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Peter Jaworski Ph.D.
Peter Jaworski Ph.D.
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New Book Examines the Moral Economy

A Persuasive Argument to Monetize Donations of Blood, Plasma, Kidneys

In Iran, but nowhere else in the world, it is legal to sell one of your kidneys. Closer to home, you can sell your eggs or sperm for fertility treatment. You also can sell your blood or plasma here in the United States, but not in Canada. Late last year, the Ontario government passed legislation to prohibit paying and receiving payment for blood and plasma.

The thought of markets in special things like blood, plasma, eggs, sperm or kidneys turns many people’s stomachs. For some, the idea of exchanging something profane, like money, for something sacred, like blood, is repugnant or noxious. In my book “Markets without Limits,” written with my Georgetown McDonough colleague Associate Professor of Ethics Jason Brennan, we argue that anything you may permissibly give away for free, you may permissibly sell. Markets and money do not introduce moral wrongness where none was present. This is as true of shoes and widgets as it is of special things like blood and kidneys (and sex, but we won’t talk about that here).

In “Markets Without Limits” we consider how sometimes, people are simply repulsed by the idea of mixing the sacred with the profane. Other times, however, the worry is different. For example, the Ontario government cited worries about the quality and quantity of blood as primary reasons motivating their decision to prohibit blood and plasma markets. Canada had a hepatitis-C outbreak on account of blood transfusions, mostly from compensated blood donations from prisoners in the United States. When we incentivize through payment, they reasoned, we encourage people with “lower quality” blood to donate. However, advancements in screening people and their blood have made this concern almost entirely moot.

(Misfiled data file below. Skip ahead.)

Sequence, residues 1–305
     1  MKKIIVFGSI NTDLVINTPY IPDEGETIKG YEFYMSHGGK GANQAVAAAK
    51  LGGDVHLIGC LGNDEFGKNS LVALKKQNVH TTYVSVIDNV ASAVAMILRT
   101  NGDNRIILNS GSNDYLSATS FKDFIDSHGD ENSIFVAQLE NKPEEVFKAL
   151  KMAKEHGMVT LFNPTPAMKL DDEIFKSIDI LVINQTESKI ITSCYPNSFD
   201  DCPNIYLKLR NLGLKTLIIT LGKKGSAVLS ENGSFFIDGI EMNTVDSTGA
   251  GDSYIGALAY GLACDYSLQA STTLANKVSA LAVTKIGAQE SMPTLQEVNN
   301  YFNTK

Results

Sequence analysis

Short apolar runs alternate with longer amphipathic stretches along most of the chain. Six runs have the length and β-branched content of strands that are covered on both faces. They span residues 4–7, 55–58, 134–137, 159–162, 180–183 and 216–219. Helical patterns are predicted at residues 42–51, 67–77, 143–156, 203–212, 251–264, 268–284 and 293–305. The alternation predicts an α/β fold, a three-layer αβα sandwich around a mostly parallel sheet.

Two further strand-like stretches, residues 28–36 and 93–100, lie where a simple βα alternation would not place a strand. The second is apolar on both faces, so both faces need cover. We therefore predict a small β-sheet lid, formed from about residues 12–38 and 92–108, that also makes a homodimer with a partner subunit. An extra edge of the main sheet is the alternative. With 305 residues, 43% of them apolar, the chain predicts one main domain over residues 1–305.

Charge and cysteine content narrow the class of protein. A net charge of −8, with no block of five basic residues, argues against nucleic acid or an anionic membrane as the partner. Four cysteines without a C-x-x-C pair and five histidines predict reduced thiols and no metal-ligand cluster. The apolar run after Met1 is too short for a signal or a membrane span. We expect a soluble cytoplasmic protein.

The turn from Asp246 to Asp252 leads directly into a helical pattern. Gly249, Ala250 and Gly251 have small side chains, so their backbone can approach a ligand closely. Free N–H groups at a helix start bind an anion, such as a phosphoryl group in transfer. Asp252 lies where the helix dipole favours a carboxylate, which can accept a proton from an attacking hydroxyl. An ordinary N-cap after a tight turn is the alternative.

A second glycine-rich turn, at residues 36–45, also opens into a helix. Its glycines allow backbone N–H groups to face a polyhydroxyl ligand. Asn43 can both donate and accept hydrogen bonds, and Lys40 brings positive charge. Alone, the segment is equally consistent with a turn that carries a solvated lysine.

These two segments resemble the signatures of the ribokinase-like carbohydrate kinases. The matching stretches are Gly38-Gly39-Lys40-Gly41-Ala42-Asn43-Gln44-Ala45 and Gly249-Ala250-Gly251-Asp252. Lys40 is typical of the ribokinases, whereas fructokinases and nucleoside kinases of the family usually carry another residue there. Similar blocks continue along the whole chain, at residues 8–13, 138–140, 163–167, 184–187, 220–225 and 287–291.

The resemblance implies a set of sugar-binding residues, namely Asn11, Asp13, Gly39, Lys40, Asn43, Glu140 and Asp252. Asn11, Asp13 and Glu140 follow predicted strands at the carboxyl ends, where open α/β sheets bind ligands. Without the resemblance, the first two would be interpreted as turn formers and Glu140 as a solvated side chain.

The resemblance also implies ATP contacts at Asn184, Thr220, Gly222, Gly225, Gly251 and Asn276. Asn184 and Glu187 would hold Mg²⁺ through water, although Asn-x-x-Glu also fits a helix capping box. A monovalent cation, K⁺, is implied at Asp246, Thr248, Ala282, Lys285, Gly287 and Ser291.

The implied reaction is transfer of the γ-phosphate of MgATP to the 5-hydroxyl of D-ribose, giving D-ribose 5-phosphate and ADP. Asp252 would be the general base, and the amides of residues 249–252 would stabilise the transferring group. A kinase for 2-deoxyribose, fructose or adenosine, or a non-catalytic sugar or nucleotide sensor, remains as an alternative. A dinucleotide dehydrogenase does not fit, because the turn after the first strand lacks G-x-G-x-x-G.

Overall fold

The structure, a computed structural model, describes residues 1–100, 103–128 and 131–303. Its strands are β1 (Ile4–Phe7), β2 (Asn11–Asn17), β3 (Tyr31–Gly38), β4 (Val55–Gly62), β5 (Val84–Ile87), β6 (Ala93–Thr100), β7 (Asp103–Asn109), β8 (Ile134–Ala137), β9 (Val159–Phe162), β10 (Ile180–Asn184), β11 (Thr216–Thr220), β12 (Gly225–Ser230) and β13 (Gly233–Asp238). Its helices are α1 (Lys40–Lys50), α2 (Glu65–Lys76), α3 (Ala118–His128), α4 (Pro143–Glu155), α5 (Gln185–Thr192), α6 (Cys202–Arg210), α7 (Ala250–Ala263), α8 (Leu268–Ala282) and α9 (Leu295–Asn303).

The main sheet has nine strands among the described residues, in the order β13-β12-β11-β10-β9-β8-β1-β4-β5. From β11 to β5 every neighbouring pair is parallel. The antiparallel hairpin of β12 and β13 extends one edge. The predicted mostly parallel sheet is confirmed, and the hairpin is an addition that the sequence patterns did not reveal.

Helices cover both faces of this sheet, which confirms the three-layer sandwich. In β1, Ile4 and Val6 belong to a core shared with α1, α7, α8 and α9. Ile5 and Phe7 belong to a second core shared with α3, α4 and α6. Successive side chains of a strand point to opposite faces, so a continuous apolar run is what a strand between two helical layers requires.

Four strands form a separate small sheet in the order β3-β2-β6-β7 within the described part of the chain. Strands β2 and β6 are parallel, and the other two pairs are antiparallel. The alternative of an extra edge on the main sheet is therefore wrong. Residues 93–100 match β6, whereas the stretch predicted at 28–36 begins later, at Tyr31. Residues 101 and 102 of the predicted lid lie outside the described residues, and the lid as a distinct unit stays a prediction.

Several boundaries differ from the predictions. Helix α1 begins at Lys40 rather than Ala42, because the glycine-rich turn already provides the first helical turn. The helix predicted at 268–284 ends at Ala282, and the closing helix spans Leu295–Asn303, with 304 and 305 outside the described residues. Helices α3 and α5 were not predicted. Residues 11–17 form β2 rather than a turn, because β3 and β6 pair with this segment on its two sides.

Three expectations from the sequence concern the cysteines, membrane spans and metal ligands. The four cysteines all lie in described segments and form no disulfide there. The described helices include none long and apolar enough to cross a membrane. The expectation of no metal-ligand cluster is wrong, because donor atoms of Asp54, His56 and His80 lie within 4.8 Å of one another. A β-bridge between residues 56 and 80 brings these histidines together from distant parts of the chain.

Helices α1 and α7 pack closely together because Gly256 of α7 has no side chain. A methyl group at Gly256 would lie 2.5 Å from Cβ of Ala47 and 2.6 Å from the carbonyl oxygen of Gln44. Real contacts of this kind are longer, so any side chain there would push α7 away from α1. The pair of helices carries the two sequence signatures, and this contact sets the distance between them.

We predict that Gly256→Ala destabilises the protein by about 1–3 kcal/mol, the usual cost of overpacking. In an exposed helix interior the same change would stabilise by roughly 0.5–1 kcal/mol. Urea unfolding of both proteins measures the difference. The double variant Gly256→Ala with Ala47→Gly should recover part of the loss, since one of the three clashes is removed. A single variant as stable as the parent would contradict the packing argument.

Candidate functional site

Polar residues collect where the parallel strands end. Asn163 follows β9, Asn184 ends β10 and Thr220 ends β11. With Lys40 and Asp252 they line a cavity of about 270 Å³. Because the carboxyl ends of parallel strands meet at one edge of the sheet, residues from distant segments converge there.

But they also expressed worries about lowering the quantity of donated blood. Here, they relied on work by social psychologists, especially self-determination theorists, which argues that, sometimes, when we pay people for doing something, they will do less of it. In a variety of contexts, when we offer an external incentive -- like money, but also praise or grades -- it can result in undermining our sense of autonomy, and thereby lead to less of the desired behavior. Now known as the undermining effect, this phenomenon also has been called the over justification effect or the crowding effect.

Ontario made use of it in justifying the legislation, but so do many others, including, perhaps most famously, political theorist Michael Sandel in his recent book “What Money Can’t Buy.” But this simply ignores that there are different ways of designing a compensation system and different ways of having a market in sacred or special things. If we had a sign that read, “If you donate blood, we’ll give you $25!” then it might undermine autonomous motivation. Instead of doing that, however, why not offer to make a contribution to the charity of the blood donor’s choice? Instead of paying with cash, how about a gift card or a tax credit or a day off work?

Economists have experimented with precisely these kinds of markets and, thus far, have found that donations increase with offers of compensation—the higher the monetary value of the reward offered, the more people who will donate blood. The undermining effect is not a reason to avoid having a market in sacred things, it is a reason to be careful about how we design markets in sacred things. After all, when it comes to kidneys, blood, and plasma, lives are at stake. And what is more sacred than life itself?

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About the Author
Peter Jaworski Ph.D.

Peter Jaworski, Ph.D., is a professor at Georgetown University's McDonough School of Business.

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